I drove up the driveway today and saw that Kubota had borrowed my 20' long, 2' wide ratchet strap. For some reason he wanted it to be 15 feet long so he cut it.
Somehow it does not penetrate that every $20 (replacement cost) of equipment that gets destroyed kills two hours of my life.
Not, not just pulling the plug on my life-support machine two hours earlier. Killing two hours of me in the prime of my life.
Joe Dominguez in the book Your Money or Your Life has the reader calculate how much money they net for each hour of their life that is consumed by work. No, this is more than the net-after-taxes.
Mr Dominguez has you add up all of the hours you must devote to work, including your commute time and the work you take home...even the hour you spend at happy-hour every day that you would not otherwise need if you did not work. Then he has you subtract out the cost of "costuming" and transportation from your take-home. For many people, they end up with a net-per-hour of $10.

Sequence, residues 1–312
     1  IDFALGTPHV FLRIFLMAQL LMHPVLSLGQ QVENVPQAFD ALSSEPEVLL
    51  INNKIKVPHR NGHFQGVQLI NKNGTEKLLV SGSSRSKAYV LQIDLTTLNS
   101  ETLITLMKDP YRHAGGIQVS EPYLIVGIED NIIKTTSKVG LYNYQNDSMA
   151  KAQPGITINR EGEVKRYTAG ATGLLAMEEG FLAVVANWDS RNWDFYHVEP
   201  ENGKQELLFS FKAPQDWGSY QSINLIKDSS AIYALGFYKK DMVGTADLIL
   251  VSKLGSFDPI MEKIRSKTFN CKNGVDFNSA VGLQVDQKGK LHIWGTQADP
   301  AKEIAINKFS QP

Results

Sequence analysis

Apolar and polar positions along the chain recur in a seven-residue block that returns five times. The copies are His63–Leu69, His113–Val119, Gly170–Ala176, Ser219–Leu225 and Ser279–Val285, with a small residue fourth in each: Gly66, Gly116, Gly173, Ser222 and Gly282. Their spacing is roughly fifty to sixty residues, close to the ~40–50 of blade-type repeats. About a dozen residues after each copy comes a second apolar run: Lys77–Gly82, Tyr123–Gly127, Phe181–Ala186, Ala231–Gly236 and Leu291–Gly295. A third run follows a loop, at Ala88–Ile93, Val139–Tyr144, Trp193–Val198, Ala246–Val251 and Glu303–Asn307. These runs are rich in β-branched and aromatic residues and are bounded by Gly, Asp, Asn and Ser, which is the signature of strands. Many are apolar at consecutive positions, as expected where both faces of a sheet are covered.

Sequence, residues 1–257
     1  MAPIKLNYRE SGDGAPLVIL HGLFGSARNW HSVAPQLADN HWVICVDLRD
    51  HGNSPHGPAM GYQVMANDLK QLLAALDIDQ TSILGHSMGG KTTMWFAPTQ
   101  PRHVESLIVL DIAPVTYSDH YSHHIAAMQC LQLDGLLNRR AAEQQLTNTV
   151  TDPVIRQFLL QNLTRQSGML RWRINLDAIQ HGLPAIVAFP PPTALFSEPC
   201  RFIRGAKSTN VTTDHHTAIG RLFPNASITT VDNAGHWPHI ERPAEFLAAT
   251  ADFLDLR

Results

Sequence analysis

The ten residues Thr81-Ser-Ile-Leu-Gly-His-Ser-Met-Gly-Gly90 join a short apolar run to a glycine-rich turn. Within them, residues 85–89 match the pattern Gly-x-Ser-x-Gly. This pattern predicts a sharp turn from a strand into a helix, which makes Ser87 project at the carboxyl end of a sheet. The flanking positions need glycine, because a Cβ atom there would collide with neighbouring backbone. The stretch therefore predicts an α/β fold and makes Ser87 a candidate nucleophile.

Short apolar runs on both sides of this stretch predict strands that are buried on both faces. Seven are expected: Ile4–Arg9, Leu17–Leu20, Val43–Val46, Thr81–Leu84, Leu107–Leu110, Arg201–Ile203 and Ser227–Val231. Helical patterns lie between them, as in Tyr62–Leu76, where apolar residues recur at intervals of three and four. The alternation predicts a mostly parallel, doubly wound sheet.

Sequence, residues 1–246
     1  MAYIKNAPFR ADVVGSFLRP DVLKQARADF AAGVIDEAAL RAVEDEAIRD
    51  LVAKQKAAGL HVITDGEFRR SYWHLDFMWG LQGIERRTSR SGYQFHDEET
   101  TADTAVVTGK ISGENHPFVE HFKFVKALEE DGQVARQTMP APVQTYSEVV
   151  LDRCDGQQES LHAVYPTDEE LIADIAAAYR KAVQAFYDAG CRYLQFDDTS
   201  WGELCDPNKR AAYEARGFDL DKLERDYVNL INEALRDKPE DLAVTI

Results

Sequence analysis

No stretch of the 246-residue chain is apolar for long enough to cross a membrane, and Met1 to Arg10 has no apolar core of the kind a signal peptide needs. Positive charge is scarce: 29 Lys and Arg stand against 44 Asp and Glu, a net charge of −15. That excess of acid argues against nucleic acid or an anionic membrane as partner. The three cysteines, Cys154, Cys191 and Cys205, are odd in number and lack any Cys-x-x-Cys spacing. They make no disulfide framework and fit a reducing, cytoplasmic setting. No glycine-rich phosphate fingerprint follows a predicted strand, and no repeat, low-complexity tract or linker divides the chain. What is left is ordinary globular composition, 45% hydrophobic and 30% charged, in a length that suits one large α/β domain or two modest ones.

Mr Dominguez points out that spending $15 for lunch, for instance, just nullified 90 minutes of your life that you will never get back. Do you really want to lose 90 minutes or would you rather eat a couple of PB&J sandwiches for $3 and pocket the extra 72 minutes of your life for better purposes?
So when anybody destroys $20 of equipment, it is as if two hours of my life just vaporized.
Incidentally, the quote "You're killing me, Smalls" is from the movie Sandlot.